Tuesday, December 10, 2019

Dissecting the DSM Debate: Researchers Analyze Critiques Across Audiences

A new study systematically explores critical reactions to the DSM-5 and identifies unifying themes.

New CDC Data Underscores Need to Address Adverse Childhood Experiences

New prevention strategies are needed based on our increasing understanding of the impacts of Adverse Childhood Experiences (ACEs).

Psychotherapy Less Effective for People in Poverty and Those on Antidepressants

A new study finds poorer depression and anxiety outcomes in psychotherapy for people in economically deprived neighborhoods and those on antidepressants.

Dehumanization Linked to Poorer Mental and Physical Health

A new review finds that dehumanizing language, including self-dehumanization, is connected to anxiety, depression, and disordered eating.

How to Integrate Culture into Mental Health Care

Researchers explore how culturally responsive services can create greater equity in mental health care.

Psychiatry in Need of “Fundamental Rethinking”

Prominent researchers in psychiatry urge the field to move away from a rigid biological focus toward social and psychological perspectives to meet the needs of today’s world.

It is Time for Global Mental Health to Acknowledge Sociostructural Determinants of Distress

Researchers call for action to address social challenges and inequalities that obstruct mental health and well-being globally.

People Diagnosed with Bipolar Disorder at Increased Risk for Parkinson’s

Increased Parkinson's risk could be related to lithium, antipsychotic, and antiepileptic drug use.

A Blueprint for an ‘Ecosocial’ Person-Centered Psychiatry

New article pushes for a shift from a psychiatry centered on brain circuitry toward an 'ecosocial' view of mind, brain, and culture.
babydoll quadruplets

Hereditary Madness? The Genain Sisters’ Tragic Story

The story of the Genain quadruplets has long been cited as evidence proving something about the supposed hereditary nature of schizophrenia. But who wouldn’t fall apart after surviving a childhood like theirs? The doctors attributed their problems to menstrual difficulties or excessive masturbation — anything except abuse.

Smartphones, Loneliness, and Depression in Teens

New study finds that smartphone use may precede experiences of loneliness and depressive symptoms among older teens according to longitudinal analysis.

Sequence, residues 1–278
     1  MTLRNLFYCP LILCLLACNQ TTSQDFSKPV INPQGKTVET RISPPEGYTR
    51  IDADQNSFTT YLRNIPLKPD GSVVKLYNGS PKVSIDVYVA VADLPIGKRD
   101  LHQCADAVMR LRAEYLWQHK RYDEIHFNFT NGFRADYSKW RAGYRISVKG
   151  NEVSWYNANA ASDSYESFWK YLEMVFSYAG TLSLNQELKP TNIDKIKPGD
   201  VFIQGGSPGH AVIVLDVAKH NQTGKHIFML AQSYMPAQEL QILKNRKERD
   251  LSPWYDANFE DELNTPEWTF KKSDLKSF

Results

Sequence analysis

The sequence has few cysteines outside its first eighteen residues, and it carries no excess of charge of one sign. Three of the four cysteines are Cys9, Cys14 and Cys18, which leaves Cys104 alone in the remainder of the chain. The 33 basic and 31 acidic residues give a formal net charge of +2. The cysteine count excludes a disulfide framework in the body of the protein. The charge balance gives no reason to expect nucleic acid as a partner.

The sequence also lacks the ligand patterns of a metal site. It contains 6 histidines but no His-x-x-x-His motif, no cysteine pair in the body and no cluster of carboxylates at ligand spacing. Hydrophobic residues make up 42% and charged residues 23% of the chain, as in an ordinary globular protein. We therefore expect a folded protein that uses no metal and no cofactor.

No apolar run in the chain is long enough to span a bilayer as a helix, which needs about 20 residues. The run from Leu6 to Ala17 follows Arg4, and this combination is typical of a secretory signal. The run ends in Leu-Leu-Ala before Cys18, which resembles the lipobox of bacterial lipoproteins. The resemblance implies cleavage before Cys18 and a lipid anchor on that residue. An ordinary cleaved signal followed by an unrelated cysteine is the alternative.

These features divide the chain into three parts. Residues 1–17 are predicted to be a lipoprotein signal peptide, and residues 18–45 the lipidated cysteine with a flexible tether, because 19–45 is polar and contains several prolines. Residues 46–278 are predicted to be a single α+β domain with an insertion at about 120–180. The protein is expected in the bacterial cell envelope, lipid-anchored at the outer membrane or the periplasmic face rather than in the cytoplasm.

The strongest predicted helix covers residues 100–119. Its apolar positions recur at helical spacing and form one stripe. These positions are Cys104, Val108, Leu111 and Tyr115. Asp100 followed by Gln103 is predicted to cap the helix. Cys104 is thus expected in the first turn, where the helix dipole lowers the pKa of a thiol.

UN Expert Calls for Major Shift in Suicide Prevention Efforts on World Mental Health...

On World Mental Health Day, UN expert Dainius Pūras calls for a shift away from medical solutions toward a rights-based approach to make life “more liveable.” He calls for states to address societal determinants of mental health, promoting autonomy and resilience.

Discrimination Leads to Mental Distress for Gender Diverse People

Researchers seek to identify adaptive coping responses to discrimination for the transgender and gender diverse community.

Non-Gender Affirmative Treatment Detrimental to Mental Health

Gender identity conversion efforts impact psychological distress and lifetime suicidality in transgender people.

Loneliness Increases Risk of Severe ‘Common Mental Disorders’

Loneliness was found to both predict and be reinforced by severe common mental disorders.

A Biopsychosocial Model Beyond the Mind-Body Split

Can a renewed biopsychosocial approach, grounded in an updated philosophy, foster person-centered medicine, and psychiatry?

Time’s Up: Culture of Denial Impacts Mental Health of Sexual Abuse Survivors

Study finds that not believing sexual abuse survivors often leads to self-blame and mental health issues.

Decontextualized Depression and PTSD Diagnoses Fail Indigenous Communities

A case analysis of an American Indian woman illustrates how the DSM diagnostic criteria misrepresent the lives of indigenous people.

How Social Dynamics at School Impact Teen Suicide

Teen suicide risk is influenced by relationships with adults and teachers, perceived popularity, close friendships, and school connectedness.

Economic Deprivation and Social Fragmentation Drive Suicide Rates in US

Major study finds that economic deprivation and a lack of social capital are driving increasing rates of suicide in the U.S.
schizophrenia 1960s hospital

Against the Odds: ‘Unimproved Schizophrenic’ to Yale PhD

Forty years after I had first been admitted to the hospital, I was ready to confront my past. So, I sent for my hospital records, and I read them. As an experienced clinician, I recognized immediately what the doctors hadn’t been able to see in 1960: my problem wasn’t ‘schizophrenia’ but PTSD, connected with incest.

The Connection Between Traumatic Brain Injury and Young Adult Suicide Risk

Researchers present evidence of a connection between the experience of traumatic brain injury in childhood and increased risk for suicide attempt in early adulthood.

Psychotropic Medications Serve as Powerful Tools for U.S. Military, Imperialism

Ethnographic research sheds light on extensive psychopharmaceutical use by soldiers in post 9/11 U.S. wars.

Children Taking ADHD Drugs More Likely to Take Antidepressants as Teens

Adhering to a commonly prescribed medication for ADHD in children is associated with higher chances of being prescribed antidepressants in adolescence.

Teacher Wellbeing Matters for Student Mental Health

Teacher’s personal wellbeing plays a role in students’ mental health outcomes, suggests a new study.

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